- Checkboxes & radio buttons – With custom focus, hover and checked state. Enhanced asynchronously.
- Toggle switch – Checkbox or radios, visually enhanced to sliding toggle switches using CSS only.
- 5-star rating – Based on HTML radio buttons, visually enhanced using CSS pseudo classes and elements.
- jQuery slider – Accessible, custom slider widget based on a standard HTML select.
- jQuery custom file input – Article and library.
- React isomorphic form – Set of React form components which can be pre-rendered & handled server-side. They are enhanced client-side without losing state.
- Timeline – From definition list to SVG illustration (article with demos).
- Charts – From data table to themed charts using HTML5 canvas (article and library).
- Responsive Carousel – List of images enhanced into responsive carousel with various behaviour options.
- Lazy Progressive Enhancement – Lazy load images inside
<noscript>tags. (note: Evergreen browsers only)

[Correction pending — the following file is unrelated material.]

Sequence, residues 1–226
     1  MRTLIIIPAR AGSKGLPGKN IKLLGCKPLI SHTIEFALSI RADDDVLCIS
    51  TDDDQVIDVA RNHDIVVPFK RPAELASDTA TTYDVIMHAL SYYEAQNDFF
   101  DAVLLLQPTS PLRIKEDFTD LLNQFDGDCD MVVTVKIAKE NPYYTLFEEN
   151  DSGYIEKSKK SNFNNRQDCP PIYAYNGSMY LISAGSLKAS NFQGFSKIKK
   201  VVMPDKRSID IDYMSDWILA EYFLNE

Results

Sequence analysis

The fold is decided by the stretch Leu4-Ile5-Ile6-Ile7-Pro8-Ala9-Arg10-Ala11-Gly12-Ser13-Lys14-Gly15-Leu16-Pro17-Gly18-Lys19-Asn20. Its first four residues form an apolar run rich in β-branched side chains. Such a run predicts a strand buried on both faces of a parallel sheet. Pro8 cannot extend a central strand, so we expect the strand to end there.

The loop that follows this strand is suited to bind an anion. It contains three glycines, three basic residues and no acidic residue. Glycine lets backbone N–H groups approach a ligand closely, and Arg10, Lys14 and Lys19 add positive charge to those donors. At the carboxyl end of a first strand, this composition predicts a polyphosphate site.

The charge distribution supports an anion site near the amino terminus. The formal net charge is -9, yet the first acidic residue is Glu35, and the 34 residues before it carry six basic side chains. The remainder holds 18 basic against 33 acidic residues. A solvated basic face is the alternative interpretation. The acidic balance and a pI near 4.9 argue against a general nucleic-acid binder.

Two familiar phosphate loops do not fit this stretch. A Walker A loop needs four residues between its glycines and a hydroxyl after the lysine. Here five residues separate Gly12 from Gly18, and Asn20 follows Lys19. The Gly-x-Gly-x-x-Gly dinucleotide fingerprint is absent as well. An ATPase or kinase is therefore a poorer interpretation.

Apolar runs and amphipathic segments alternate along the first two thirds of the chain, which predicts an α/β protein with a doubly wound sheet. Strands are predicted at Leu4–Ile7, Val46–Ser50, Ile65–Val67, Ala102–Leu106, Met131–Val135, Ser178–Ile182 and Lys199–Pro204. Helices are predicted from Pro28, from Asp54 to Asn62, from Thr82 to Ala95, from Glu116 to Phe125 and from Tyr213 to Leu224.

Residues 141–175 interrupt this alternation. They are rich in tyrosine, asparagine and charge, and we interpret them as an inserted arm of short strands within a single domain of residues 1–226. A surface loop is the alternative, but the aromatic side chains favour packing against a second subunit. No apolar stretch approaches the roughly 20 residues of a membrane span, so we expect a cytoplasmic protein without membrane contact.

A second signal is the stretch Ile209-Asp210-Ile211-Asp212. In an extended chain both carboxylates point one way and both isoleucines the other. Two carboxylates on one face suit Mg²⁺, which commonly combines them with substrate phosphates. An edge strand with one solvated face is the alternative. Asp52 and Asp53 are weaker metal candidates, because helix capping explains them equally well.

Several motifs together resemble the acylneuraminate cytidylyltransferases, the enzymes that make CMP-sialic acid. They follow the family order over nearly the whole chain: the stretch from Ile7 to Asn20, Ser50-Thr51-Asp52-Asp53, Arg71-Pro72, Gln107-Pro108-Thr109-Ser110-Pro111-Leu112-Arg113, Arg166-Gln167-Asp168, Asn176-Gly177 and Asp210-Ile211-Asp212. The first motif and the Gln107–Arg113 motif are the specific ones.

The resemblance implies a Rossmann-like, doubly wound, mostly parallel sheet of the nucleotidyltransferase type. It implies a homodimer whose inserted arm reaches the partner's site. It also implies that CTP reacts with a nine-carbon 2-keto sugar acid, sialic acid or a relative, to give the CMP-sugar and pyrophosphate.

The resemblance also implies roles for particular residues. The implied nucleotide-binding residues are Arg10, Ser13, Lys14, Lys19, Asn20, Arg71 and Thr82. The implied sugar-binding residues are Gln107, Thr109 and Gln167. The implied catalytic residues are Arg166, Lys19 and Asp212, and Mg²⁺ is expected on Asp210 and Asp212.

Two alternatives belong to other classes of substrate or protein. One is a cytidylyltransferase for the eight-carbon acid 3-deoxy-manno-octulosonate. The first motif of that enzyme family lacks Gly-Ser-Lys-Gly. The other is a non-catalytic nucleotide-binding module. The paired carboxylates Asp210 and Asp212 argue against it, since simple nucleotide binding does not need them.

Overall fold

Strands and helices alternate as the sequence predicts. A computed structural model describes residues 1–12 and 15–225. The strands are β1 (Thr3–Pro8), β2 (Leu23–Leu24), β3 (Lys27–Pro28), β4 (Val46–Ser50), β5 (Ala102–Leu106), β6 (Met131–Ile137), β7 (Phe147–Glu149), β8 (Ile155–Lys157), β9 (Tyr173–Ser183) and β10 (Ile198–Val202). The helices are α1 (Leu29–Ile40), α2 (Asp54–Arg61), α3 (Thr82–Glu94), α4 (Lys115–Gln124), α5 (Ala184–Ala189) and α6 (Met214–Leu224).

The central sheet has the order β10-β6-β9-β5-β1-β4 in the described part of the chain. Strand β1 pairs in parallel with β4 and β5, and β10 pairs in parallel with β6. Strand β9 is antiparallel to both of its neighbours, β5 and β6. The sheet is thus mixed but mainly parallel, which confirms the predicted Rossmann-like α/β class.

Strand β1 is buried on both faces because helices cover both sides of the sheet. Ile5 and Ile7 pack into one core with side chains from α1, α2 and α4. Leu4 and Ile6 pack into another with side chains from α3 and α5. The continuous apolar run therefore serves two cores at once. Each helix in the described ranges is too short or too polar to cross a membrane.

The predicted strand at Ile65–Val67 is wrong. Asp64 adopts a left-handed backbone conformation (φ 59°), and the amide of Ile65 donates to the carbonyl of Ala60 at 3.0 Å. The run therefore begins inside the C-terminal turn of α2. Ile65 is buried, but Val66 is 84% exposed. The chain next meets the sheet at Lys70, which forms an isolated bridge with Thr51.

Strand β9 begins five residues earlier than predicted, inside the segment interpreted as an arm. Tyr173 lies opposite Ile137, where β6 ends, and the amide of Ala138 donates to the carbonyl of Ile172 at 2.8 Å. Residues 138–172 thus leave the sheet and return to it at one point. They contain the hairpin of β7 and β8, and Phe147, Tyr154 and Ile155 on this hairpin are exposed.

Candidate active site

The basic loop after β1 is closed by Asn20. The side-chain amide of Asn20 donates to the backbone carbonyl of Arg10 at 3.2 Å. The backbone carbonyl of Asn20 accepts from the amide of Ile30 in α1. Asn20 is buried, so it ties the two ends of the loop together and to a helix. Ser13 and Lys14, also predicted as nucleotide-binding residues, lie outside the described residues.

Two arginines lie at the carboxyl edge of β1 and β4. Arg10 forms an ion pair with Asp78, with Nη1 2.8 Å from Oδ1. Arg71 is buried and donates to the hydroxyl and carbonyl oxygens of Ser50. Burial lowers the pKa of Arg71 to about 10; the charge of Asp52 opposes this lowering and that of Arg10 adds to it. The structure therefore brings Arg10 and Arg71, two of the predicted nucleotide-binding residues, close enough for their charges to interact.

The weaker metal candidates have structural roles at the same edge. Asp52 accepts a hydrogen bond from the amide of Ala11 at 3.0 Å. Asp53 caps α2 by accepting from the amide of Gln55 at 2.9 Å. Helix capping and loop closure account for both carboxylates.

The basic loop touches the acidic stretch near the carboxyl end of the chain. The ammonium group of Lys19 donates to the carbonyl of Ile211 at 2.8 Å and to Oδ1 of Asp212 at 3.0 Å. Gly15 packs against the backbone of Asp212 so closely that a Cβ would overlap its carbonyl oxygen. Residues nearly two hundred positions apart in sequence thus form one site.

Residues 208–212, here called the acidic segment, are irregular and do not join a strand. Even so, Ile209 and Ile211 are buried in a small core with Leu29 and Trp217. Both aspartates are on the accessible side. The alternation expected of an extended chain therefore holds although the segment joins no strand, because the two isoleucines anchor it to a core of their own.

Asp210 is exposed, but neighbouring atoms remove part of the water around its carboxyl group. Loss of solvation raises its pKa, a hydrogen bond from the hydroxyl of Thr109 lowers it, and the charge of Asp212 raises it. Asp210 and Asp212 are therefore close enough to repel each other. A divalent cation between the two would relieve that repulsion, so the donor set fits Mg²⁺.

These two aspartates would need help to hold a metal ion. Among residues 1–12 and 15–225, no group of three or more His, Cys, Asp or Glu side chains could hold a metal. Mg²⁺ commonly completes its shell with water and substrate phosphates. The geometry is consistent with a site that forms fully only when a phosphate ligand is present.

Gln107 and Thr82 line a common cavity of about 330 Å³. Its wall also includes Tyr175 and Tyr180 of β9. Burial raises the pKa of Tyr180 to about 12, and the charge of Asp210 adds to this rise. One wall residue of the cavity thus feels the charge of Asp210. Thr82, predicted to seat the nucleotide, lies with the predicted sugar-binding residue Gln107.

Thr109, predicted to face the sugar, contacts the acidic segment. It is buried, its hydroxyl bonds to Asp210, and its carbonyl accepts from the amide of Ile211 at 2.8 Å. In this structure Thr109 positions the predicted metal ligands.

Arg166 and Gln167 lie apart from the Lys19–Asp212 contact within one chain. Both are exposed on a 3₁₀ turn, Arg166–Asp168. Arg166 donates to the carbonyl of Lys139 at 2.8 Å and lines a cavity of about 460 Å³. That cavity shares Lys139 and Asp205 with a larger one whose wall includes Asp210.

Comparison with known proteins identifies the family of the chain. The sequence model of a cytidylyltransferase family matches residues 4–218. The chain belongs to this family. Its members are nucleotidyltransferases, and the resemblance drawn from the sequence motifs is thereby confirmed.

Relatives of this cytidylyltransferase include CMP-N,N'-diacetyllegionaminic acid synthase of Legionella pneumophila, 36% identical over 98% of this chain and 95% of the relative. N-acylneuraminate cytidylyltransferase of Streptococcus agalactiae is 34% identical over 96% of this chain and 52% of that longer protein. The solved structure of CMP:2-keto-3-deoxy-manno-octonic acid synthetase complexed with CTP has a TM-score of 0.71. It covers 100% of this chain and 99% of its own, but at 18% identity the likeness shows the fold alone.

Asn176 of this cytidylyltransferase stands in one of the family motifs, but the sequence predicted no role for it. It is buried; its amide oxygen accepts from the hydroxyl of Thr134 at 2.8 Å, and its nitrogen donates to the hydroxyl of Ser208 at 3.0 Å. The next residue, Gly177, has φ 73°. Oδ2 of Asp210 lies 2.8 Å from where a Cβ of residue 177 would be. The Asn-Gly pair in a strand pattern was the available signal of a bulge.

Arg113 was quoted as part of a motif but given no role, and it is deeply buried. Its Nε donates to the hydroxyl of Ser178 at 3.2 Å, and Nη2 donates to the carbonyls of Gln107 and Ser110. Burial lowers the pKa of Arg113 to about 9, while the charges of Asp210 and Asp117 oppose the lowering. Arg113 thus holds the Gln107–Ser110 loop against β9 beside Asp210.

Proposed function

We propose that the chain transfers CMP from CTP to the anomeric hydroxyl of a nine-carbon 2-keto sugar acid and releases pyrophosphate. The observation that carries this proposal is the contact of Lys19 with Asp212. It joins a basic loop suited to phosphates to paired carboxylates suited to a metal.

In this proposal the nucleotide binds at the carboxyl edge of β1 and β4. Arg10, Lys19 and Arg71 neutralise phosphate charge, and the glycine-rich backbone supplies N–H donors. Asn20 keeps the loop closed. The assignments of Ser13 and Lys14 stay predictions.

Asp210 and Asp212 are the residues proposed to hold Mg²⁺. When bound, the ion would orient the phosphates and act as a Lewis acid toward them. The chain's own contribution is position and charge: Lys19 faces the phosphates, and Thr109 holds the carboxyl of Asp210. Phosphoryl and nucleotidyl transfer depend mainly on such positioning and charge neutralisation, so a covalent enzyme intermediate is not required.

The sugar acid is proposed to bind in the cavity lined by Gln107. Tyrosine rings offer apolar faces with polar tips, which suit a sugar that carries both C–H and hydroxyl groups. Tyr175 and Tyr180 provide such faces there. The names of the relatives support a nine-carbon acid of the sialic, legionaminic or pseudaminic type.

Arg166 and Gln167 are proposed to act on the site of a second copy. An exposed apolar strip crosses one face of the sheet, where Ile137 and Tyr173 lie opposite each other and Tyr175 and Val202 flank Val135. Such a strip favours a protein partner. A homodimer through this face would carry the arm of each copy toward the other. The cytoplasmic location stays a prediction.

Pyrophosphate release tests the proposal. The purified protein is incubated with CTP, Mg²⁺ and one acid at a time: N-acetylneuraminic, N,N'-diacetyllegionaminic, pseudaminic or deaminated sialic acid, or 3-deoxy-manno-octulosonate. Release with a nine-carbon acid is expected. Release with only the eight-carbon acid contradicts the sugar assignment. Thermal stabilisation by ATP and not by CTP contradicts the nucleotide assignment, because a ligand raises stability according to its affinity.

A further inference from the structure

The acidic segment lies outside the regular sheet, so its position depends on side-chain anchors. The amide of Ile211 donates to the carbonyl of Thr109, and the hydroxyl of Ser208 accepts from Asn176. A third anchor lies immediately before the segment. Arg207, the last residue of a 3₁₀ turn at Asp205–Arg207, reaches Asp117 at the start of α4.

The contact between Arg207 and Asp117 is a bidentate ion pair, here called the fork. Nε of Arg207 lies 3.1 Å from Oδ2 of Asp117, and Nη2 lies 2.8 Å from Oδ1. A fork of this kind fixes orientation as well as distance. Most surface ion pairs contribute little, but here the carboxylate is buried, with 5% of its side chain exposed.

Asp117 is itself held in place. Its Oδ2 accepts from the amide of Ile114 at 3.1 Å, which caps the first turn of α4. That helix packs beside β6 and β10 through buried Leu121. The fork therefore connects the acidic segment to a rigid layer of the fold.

- Progressive hamburger menu – List of links in footer enhanced to off-canvas menu.
Asynchronously fetch and transition between static pages using ajax and
- Barba.js – Add page transitions with event hooks, cache and prefetch support.
- SmoothState.js – Add page transitions with event hooks, cache and prefetch support. (requires jQuery).
- jquery-pjax – Add page transitions with support for multiple containers / content slots (requires jQuery).
- MoOx/pjax – Similar tot jquery-pjax, but without the jQuery dependency.
- Turbolinks – Add page transitions with event hooks and cache support. Has adapters to bind to native navigation controls on iOS and Android.
- Make the web work for everyone – Plea to developers to consider browser differences and build a resilient web.